If we take a closer look to the
documentation, here is what is says about its first parameter
`category` is a named constant specifying the category of the functions affected by the locale setting:
LC_ALLfor all of the below
LC_COLLATEfor string comparison, see strcoll()
LC_CTYPEfor character classification and conversion, for example strtoupper()
LC_NUMERICfor decimal separator (See also localeconv())
LC_TIMEfor date and time formatting with strftime()
LC_MESSAGESfor system responses (available if PHP was compiled with libintl)
And just below this explanation, the only given examples in the doc make
But let’s take a concrete example:
<?php $table = 'Administrator_Roles'; setlocale(LC_ALL, 'tr_TR.UTF-8', 'tr'); $class = preg_replace('/[^A-Z0-9]/i','_',$table); print $class.PHP_EOL; ?>
What is the output going to be ?
Find the culprit: PCRE!
…or maybe developers like me, who did not spend enough time hunting down the information in the PHP manual ;)
Rather than copying the whole contents referenced by the two above
links, let us summarize how
setlocale could end up producing such
PHP builds in PCRE module (Perl-Compatible Regular Expressions), whose standard escape sequences might be locale-specific.
Unfortunately, the official PHP documentation is not so helpful (see http://us2.php.net/manual/en/regexp.reference.escape.php):
A "word" character is any letter or digit or the underscore character, that is, any character which can be part of a Perl "word". The definition of letters and digits is controlled by PCRE’s character tables, and may vary if locale-specific matching is taking place. For example, in the "fr" (French) locale, some character codes greater than 128 are used for accented letters, and these are matched by \w.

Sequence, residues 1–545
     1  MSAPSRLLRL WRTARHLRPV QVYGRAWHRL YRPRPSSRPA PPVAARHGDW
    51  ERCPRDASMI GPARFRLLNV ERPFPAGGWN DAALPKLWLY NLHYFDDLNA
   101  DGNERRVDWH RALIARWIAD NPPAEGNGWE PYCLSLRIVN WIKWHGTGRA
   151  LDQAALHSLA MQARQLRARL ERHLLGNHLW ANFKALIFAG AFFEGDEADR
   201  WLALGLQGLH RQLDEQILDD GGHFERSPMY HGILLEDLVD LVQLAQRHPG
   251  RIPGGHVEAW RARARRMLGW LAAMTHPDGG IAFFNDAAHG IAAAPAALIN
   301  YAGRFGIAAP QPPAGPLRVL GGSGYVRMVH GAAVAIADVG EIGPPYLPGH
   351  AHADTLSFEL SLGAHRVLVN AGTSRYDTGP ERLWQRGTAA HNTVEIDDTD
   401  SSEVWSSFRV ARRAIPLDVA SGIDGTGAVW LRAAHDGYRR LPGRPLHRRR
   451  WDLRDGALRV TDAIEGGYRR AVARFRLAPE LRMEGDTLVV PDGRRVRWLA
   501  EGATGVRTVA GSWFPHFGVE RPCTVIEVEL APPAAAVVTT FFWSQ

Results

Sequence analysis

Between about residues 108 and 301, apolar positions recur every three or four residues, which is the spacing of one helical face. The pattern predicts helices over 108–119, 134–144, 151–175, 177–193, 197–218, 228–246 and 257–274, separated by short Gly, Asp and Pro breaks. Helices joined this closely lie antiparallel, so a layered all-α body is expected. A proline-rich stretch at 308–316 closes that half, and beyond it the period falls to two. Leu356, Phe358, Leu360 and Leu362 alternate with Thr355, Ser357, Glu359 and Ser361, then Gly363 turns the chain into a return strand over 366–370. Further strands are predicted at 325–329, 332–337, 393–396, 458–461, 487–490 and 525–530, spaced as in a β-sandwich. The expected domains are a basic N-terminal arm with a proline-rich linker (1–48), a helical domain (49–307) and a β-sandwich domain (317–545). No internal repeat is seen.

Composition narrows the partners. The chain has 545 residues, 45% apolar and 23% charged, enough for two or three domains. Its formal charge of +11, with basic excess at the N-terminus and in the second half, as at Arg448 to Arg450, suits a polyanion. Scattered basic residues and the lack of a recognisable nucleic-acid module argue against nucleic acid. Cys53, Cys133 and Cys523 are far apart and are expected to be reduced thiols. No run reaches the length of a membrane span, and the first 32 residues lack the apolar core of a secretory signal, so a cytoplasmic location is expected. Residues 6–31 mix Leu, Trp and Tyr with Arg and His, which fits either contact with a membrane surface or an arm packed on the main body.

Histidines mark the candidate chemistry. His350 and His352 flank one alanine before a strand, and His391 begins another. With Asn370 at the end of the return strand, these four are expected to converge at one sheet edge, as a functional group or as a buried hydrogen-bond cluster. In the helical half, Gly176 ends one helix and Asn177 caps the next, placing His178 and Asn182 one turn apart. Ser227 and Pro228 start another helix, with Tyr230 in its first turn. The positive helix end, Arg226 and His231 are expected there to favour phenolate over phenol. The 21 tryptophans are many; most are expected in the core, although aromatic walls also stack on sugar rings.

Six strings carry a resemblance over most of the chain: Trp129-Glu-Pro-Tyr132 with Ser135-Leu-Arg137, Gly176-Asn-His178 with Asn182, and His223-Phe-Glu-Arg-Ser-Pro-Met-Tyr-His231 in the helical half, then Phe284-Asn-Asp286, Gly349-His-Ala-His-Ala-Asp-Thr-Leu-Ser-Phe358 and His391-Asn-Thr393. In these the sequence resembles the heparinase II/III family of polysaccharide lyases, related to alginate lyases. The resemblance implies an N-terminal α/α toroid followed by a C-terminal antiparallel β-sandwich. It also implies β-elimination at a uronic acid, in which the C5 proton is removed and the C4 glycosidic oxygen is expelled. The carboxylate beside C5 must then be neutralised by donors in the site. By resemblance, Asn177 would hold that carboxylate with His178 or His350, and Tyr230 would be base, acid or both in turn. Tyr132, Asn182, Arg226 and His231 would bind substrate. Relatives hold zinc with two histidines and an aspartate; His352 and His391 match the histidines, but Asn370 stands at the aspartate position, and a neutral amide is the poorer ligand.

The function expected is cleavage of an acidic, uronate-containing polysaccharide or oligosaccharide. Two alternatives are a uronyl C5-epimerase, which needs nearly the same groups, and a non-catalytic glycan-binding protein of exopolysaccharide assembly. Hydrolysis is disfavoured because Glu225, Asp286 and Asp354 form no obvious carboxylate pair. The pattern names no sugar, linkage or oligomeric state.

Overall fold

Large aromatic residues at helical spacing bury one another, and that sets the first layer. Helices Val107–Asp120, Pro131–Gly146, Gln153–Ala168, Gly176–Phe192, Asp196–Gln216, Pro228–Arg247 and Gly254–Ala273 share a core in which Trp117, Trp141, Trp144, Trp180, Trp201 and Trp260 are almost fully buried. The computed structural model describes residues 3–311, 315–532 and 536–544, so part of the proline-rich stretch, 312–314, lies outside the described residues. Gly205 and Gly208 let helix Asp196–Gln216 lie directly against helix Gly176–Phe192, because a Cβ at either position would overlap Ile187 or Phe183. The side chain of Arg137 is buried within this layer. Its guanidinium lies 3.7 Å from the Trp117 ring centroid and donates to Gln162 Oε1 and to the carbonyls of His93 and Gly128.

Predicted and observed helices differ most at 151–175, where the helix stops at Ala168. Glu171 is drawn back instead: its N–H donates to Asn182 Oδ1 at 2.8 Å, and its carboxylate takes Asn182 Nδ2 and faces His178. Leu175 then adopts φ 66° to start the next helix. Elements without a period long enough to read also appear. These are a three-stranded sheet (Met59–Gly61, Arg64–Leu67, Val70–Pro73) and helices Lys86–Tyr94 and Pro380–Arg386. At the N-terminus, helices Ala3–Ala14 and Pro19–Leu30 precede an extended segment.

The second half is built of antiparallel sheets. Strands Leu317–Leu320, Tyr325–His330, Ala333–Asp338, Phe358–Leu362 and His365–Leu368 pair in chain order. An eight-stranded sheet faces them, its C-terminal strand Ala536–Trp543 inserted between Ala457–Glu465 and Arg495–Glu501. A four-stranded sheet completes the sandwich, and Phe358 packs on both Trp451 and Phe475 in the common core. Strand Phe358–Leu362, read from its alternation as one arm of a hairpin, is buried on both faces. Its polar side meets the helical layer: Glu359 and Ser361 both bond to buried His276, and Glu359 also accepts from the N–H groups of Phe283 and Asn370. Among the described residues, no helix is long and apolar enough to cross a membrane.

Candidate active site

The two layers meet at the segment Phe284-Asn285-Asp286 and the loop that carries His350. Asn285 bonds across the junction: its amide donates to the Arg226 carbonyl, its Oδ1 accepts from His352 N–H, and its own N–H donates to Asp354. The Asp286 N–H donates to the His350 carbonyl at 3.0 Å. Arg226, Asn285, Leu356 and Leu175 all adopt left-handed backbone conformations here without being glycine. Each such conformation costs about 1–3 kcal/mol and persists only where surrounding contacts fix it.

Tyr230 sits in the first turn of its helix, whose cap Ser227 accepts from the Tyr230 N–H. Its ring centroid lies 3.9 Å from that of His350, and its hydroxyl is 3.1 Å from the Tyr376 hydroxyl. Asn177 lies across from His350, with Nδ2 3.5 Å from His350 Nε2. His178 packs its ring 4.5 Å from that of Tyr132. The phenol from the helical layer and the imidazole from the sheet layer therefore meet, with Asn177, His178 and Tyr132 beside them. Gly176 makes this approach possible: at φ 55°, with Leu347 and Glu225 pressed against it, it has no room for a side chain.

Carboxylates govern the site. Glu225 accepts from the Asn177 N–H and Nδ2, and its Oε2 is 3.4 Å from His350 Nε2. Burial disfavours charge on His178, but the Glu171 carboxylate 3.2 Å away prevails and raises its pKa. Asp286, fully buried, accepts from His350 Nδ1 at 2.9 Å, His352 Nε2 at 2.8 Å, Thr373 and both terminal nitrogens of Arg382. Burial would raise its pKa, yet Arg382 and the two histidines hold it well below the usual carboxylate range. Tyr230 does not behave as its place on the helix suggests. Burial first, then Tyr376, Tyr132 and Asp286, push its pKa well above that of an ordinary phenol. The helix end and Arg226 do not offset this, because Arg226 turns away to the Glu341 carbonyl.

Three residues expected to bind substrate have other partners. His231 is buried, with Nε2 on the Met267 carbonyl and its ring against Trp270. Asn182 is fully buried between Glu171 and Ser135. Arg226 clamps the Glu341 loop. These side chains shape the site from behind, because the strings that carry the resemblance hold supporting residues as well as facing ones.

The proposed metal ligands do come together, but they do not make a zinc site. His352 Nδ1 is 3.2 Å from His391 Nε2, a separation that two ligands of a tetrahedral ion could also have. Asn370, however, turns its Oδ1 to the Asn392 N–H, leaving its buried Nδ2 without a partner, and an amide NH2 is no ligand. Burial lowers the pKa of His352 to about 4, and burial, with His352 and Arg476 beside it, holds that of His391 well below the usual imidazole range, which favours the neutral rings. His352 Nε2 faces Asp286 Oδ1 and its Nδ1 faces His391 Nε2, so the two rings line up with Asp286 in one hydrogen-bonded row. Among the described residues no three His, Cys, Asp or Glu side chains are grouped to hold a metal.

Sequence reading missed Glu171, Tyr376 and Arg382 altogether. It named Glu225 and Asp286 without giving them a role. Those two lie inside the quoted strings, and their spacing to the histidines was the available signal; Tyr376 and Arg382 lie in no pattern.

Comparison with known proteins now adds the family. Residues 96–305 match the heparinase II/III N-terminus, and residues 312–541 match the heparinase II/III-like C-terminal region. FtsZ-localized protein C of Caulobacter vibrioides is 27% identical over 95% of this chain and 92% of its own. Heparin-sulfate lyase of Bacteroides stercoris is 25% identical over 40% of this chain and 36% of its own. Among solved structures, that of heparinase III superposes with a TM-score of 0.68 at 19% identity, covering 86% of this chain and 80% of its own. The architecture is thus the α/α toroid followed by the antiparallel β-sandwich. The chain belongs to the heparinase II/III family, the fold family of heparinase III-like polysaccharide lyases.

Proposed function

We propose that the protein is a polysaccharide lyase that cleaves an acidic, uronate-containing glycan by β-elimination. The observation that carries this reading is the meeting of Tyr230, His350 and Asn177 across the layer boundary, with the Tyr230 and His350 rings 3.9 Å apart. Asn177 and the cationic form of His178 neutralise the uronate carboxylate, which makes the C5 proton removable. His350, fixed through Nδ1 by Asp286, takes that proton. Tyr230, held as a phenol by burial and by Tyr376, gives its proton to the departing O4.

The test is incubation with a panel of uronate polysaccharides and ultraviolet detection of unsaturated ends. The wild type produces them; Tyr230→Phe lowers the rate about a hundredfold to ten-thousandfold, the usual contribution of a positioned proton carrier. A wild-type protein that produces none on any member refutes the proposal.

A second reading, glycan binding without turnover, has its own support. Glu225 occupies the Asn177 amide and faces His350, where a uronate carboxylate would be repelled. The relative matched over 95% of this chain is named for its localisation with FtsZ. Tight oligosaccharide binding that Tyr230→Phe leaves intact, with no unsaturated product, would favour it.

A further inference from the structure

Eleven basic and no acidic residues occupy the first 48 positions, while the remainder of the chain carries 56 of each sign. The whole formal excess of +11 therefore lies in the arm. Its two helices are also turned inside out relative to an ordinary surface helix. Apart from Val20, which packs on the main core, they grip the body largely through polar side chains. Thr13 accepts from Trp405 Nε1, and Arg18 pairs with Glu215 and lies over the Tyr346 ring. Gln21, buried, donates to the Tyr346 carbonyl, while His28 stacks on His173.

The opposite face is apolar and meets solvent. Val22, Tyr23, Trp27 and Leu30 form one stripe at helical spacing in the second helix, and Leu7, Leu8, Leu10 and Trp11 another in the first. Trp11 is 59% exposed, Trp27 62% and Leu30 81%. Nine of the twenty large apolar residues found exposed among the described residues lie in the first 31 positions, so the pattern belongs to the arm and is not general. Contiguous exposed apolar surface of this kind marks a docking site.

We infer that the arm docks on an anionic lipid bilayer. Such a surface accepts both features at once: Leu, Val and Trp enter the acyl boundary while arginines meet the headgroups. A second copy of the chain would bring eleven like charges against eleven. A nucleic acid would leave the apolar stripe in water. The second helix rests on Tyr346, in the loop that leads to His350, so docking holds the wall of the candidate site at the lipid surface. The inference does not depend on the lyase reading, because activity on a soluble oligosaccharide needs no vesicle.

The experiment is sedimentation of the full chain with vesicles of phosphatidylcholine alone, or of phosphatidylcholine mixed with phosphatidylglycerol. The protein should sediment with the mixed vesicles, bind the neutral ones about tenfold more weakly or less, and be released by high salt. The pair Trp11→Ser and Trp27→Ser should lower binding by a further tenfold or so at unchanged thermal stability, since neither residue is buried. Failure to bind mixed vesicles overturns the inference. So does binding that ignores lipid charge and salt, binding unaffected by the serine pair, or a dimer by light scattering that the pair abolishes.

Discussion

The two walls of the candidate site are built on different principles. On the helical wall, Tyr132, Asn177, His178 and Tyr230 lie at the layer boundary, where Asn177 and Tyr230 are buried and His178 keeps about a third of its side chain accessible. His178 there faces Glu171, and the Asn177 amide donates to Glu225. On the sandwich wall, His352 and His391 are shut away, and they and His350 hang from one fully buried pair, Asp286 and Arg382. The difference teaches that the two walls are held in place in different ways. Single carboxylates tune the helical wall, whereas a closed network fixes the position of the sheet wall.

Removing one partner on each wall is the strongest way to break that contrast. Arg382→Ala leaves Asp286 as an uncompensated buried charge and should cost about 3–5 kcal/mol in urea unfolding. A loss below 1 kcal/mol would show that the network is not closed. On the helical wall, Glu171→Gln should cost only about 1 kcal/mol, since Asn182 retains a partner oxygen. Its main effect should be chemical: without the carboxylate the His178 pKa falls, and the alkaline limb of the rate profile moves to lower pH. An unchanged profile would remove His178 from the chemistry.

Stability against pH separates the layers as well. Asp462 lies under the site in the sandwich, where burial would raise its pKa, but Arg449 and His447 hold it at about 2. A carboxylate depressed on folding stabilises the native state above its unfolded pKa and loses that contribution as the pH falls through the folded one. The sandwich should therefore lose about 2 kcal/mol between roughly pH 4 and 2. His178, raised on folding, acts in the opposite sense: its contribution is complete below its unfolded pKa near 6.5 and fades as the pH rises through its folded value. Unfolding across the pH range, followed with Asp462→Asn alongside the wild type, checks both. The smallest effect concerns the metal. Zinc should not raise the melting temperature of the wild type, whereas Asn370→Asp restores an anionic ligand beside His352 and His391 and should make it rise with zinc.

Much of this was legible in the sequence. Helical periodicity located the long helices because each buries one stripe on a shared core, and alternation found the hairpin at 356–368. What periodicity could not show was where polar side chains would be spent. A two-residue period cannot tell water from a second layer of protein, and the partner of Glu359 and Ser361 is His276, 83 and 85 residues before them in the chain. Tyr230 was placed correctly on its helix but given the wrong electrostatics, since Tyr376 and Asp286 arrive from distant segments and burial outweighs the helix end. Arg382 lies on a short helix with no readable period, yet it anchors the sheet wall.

LC_ALL whenever possible. Select the most restrictive
"category" you need.
LC_NUMERIC seem to be good candidates for
e-commerce websites for instance. By the way, you can apply several
categories by calling
setlocale multiple times in a row (bitwise OR
should NOT work).
If you really cannot change
LC_ALL to a more specific category, be
extremely cautious with regular expressions, string comparisons etc.
Your application could grow enough to have to support new languages, and this could break as in the example of this post.
Note that if your application handles Unicode representation (crazy idea in 2011, I know), then you can use Unicode in your expressions: http://php.net/manual/en/regexp.reference.unicode.php. However, the documentation says:
Matching characters by Unicode property is not fast, because PCRE has to search a structure that contains data for over fifteen thousand characters. That is why the traditional escape sequences such as \d and \w do not use Unicode properties in PCRE.
It might be worth ignoring this piece of advice until it is proven to be a problem for your application. As they say, premature optimization is the root of all evil.
And that’s all, folks!